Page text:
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I sometimes hear that "$A$ is a property of $V$, not a structure."

But I am not sure how to distinguish "property" from "structure" in general. Could you explain the difference with some easy examples?

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3 Answers 3

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A property is something that is true of some object, it's intrinsic to the object. For example, being of finite dimension is a property of a vector space: either it's of finite dimension, or it's not. You can think of it as some kind of adjective, if you want: in "a blue pen", "blue" is a property of the pen.

A structure is something that you add on top of the object. To continue the same example, given a vector space $V$ of dimension $n$ (the dimension is a property of $V$), you can choose a basis $(e_1, \dots, e_n)$ of $V$, and consider the new object $(V, (e_1, \dots, e_n))$, a vector-space-with-a-basis. It's now a different kind of object.

If you have a structure $A$, not all objects can be upgraded to be an object-with-structure-$A$. For example, without the axiom of choice, some infinite dimensional vector spaces don't have a basis. So you have a property of objects, which is "being able to be given the structure $A$". For example, "having a basis" is a property of vector spaces, it's an intrinsic feature of the space. But the specific basis that you choose is not something intrinsic to the vector space, as there a vector space typically has many different bases, and each one is a different structure that you can add to you vector space.

Now, when you have a property $A$ that you can give to some type of objects, sometimes one can say "$A$ is a property, not a structure, of $V$". This means that $V$ can be given the structure $A$, and moreover it can be given that structure uniquely. So the structure that you can add to $V$ is actually intrinsic to $V$, there is only one possible given a $V$.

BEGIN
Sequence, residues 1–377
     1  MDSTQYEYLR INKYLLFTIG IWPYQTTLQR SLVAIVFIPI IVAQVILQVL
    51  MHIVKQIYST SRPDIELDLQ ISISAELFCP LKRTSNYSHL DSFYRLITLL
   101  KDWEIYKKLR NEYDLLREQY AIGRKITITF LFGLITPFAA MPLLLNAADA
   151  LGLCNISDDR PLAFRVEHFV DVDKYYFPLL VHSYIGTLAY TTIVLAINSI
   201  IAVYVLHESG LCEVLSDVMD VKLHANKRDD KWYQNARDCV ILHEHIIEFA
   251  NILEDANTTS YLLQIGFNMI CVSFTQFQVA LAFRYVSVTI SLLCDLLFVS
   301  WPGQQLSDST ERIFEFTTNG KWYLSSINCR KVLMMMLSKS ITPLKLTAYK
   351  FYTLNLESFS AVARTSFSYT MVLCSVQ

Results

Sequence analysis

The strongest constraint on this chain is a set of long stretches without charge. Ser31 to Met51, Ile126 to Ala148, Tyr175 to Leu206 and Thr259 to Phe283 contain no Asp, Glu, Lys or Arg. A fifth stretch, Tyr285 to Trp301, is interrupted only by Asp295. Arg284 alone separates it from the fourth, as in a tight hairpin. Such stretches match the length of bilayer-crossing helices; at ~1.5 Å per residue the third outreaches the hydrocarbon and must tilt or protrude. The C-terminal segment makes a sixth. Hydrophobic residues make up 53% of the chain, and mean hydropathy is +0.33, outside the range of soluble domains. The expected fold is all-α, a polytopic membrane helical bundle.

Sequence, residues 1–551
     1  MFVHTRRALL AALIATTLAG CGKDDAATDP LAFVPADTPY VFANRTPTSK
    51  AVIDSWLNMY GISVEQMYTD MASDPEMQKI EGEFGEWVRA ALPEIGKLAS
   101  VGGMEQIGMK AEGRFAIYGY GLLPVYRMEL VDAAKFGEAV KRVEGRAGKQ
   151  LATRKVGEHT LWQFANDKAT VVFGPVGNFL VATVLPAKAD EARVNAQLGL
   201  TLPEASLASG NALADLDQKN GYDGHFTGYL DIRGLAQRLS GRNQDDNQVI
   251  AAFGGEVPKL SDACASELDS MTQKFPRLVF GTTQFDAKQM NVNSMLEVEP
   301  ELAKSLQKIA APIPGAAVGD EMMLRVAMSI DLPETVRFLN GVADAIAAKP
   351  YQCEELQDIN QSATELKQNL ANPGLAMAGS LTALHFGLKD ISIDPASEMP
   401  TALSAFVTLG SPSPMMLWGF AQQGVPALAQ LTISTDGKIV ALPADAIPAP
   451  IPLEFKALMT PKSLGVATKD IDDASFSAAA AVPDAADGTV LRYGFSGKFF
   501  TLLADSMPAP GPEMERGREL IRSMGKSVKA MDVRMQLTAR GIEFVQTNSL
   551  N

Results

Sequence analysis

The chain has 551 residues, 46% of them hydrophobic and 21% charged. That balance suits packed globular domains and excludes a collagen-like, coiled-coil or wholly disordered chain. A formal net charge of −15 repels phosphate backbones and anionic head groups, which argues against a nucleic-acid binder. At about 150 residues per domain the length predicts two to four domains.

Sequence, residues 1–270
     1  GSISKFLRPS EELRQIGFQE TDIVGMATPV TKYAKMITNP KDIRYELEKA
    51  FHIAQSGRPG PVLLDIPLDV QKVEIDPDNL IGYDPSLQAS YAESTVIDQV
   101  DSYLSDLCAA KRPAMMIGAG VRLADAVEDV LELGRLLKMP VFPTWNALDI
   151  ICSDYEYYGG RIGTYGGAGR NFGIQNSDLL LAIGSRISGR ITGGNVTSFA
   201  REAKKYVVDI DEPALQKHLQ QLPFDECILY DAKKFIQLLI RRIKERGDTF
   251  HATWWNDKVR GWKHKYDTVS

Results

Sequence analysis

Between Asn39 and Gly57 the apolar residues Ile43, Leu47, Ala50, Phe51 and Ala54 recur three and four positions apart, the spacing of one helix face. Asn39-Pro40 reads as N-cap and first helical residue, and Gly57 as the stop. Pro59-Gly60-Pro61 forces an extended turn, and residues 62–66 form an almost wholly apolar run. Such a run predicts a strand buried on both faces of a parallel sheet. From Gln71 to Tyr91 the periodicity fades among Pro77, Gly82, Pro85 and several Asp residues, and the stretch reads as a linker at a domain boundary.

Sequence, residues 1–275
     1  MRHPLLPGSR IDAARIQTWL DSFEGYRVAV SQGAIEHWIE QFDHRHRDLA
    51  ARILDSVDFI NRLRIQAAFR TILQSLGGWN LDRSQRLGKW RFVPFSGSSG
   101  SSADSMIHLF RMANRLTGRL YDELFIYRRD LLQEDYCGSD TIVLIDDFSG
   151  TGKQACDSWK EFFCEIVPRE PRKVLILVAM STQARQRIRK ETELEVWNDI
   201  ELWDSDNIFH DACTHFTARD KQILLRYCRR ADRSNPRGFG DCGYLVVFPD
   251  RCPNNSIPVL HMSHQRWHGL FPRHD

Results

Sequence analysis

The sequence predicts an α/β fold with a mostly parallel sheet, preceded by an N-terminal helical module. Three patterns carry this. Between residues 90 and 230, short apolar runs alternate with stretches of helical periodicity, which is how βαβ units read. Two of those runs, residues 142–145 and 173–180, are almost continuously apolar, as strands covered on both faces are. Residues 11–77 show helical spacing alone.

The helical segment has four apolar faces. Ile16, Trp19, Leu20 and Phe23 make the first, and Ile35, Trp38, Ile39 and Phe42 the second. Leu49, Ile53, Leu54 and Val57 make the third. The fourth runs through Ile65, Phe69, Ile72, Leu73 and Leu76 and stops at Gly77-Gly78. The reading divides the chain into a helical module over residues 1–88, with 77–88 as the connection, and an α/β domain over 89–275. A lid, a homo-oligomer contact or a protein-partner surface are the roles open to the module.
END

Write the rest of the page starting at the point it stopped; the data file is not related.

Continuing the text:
Here's an example: given a vector space, you can wonder whether or not you can make it into a topological vector space. It's not always possible in general, and if you can do it, there are several inequivalent ways of doing it. But when your space $V$ is of finite dimension, it's always possible to give a topology to $V$ that makes it into a topological vector space, and moreover that topology is unique (cf. this question). So what was a priori a structure on vector spaces becomes a property on finite dimensional vector spaces.

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    $\begingroup$ Wonderful answer. $\endgroup$
    – Arrow
    Commented Nov 4, 2017 at 14:50
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Consider the following example. Let $V$ denote all nilpotent Lie algebras over a field $K$ of a given dimension $n$. This is sometimes called the "variety of nilpotent Lie algebra laws", although it need not be irreducible. Indeed, (ir)reducibility is a property of $V$, not a structure. On the other hand, $V$ has the structure of an affine algebraic set.

Another example is a given Lie group. It may have several properties, like being connected, simply connected, simple, semisimple, solvable, nilpotent, abelian, or something else, but these are no structures. But it carries a smooth manifold structure, and may carry several interesting geometric "structures".

So in general, a structure is really a well-defined additional structure, whereas "property" is quite general, and just means that any mathematical definition which can be applied to the object is either true or false (like a group is solvable or it is not solvable).

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I'm not sure what context you are interested in but maybe this example helps:

Take the set $\mathbb{Z}$. We can put a group structure on $\mathbb{Z}$ via the binary operation $\mathbb{Z} \times \mathbb{Z} \xrightarrow{+} \mathbb{Z}$ defined by $(n,m) \mapsto n+m$, so we could say $+$ gives a group structure on $\mathbb{Z}$. A property of $(\mathbb{Z},+)$ would be something like 'the sum of two even numbers is even'.

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